If you're thinking of becoming a live-in landlord by renting out one or more rooms in your home while continuing to occupy the home as your primary residence, you should first learn about the numerous tasks involved and the essential legal procedures you'll need to follow.
Decide what's for rent and prepare the space
Which parts of your home will the tenant be allowed to use? Is it practical to restrict parts of the property? Where will the tenant park? Which bedroom and bathroom will they use? Will you include any furnishings? Keep in mind that you'll have to make the tenant's accommodations at least as nice as other rental options in the area if you want to charge the going local rate.
Ensure the safety and soundness of your property
As a landlord, you become responsible for your tenant's health and safety as it relates to your home. Nuisance problems and other repairs that might not have seemed like a big deal when living alone must become a priority when you have a tenant.
You want to keep that person happy so they'll keep paying the rent, and you don't want to cause yourself any legal problems by failing to maintain the property.
Check you are covered by your insurance policy
Having more people at the property can increase the odds of something going wrong, such as a personal injury occurring on the property, illegal acts by the tenant, accidental damage and so on, so you may want to protect yourself by increasing your house insurance coverage.
In fact it may well be a legal requirement that you notify your insurers, so be sure to check your policy so that you do not accidentally invalidate it. Extra insurance charges will cut into your rental profits, but the coverage may be compulsory and will certainly be indispensable in a worst-case scenario.
Enjoy the tax-free income
Renting out a room in your home is one way to enjoy a tax free earning through the government's 'Rent a Room scheme'. This scheme allows you to earn a tax-free amount of £4,250 per year from letting out furnished rooms or an entire floor of your property.
Keep yourself and your family safe
Handing over a house key to a stranger can be daunting. Furthermore, if you live with other people, you must consider how a lodger will affect them. The safety of your family has to be more important than the extra income, and renting to someone you know can ease this concern.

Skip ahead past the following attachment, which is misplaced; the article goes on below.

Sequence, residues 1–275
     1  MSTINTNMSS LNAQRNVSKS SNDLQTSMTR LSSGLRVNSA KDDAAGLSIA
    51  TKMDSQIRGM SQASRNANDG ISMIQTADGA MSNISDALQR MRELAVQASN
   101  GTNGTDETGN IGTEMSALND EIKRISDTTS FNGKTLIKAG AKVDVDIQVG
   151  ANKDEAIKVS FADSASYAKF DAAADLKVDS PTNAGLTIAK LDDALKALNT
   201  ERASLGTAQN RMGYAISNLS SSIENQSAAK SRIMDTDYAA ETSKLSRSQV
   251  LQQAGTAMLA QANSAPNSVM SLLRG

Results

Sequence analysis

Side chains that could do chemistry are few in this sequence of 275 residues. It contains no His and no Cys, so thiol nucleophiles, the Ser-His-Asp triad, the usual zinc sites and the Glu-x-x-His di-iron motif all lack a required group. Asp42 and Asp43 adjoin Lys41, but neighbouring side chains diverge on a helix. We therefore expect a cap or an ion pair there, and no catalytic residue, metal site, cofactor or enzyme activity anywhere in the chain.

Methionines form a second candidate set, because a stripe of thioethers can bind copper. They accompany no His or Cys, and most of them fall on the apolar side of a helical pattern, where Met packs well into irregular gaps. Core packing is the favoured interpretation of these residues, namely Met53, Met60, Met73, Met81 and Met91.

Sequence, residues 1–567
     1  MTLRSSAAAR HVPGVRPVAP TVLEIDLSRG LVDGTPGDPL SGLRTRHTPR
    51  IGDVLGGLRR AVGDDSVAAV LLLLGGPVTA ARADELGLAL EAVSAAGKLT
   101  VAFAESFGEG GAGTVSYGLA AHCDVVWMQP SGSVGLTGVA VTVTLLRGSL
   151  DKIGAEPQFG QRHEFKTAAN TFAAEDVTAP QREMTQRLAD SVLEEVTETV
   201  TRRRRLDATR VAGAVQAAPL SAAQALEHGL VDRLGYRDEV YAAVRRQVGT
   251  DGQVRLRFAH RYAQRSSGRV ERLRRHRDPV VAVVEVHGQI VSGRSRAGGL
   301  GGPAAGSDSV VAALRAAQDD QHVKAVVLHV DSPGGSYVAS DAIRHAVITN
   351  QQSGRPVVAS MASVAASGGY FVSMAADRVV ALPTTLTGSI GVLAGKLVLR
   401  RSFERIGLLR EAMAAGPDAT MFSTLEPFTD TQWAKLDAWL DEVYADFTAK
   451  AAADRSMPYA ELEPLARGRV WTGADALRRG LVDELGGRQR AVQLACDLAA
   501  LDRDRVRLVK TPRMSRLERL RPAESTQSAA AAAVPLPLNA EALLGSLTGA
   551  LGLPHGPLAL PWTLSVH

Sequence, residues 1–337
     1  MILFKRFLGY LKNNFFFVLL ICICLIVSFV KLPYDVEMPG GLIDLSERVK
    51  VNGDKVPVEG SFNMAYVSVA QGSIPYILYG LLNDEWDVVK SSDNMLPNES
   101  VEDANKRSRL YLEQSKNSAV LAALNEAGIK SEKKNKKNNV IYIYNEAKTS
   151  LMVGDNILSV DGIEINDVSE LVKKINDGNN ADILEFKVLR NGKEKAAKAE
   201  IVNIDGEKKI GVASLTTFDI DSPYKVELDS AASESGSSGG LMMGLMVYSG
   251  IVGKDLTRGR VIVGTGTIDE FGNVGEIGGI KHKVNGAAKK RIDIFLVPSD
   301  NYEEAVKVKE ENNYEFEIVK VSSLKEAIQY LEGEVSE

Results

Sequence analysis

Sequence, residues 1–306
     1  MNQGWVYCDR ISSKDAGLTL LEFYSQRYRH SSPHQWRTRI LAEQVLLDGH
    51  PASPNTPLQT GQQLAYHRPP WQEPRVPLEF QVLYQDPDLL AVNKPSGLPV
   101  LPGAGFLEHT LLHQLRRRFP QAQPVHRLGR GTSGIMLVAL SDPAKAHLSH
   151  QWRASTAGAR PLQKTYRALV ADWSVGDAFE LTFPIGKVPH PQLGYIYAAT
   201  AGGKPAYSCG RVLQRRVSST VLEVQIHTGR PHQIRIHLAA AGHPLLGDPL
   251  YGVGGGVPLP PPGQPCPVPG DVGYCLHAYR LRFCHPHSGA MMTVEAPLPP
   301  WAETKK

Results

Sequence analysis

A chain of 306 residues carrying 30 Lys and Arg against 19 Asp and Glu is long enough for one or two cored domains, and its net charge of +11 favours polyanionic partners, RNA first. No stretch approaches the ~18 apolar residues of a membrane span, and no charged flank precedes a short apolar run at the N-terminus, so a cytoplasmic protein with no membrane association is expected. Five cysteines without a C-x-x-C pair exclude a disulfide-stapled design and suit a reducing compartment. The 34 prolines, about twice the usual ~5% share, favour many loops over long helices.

Locate and screen prospective tenants
Think about what type of tenant you want to attract when deciding where to advertise. If you're looking for a college student, put up fliers at the local campus. If you want someone older (and possibly more responsible!) consider a local newspaper or rental magazine. An online advert will return a wide array of applicants. Word of mouth advertising is free, and may turn up a potential tenant who comes recommended.
Include the rent amount, size, location, lease length, pet policy and number of tenants you're seeking in your advert. Once you've narrowed down the responses to your best bet, meet the applicants and check their references. If they permit you to, you may want verify his or her employment and income.
Sign a tenancy agreement
The lease or tenancy agreement should lay out all the terms of the arrangement, including but not limited to the tenant's name; rent amount and payment arrangements; rental term; deposit amount and refund conditions; and whether pets are allowed. Make sure the lease is legal. If your tenant becomes a problem, you will want to have the option to enforce your lease in court.
The Direct Gov website is a government run source of free information which has a section on renting out your home or rooms within it. The citizens advice bureau also has helpful sample tenancy agreements that you might consider using to ensure you have a thorough legal document prepared.
Hold up your end of the bargain
The tenant is not the only one who has terms and conditions to meet. As a landlord, you will have ongoing responsibilities - such as maintenance. You also must be certain to respect your tenant's privacy - your home is now their home as well.
Understand how to end a renter's tenancy
If your tenant violates the lease to the point where you want to terminate the agreement, you must follow specific legal procedures. If the tenant doesn't leave, you may have to take them though the small claims court and go through the eviction process. The Direct Gov and Citizen's Advice websites will be good places to start if you find yourself in this situation.
The bottom line
Renting out part of your home is a major decision. It's not as cut and dry as a traditional landlord-tenant situation, and comes with increased responsibilities. But it can also be a very wise financial move, whether you're trying to get ahead or just trying to stay afloat.
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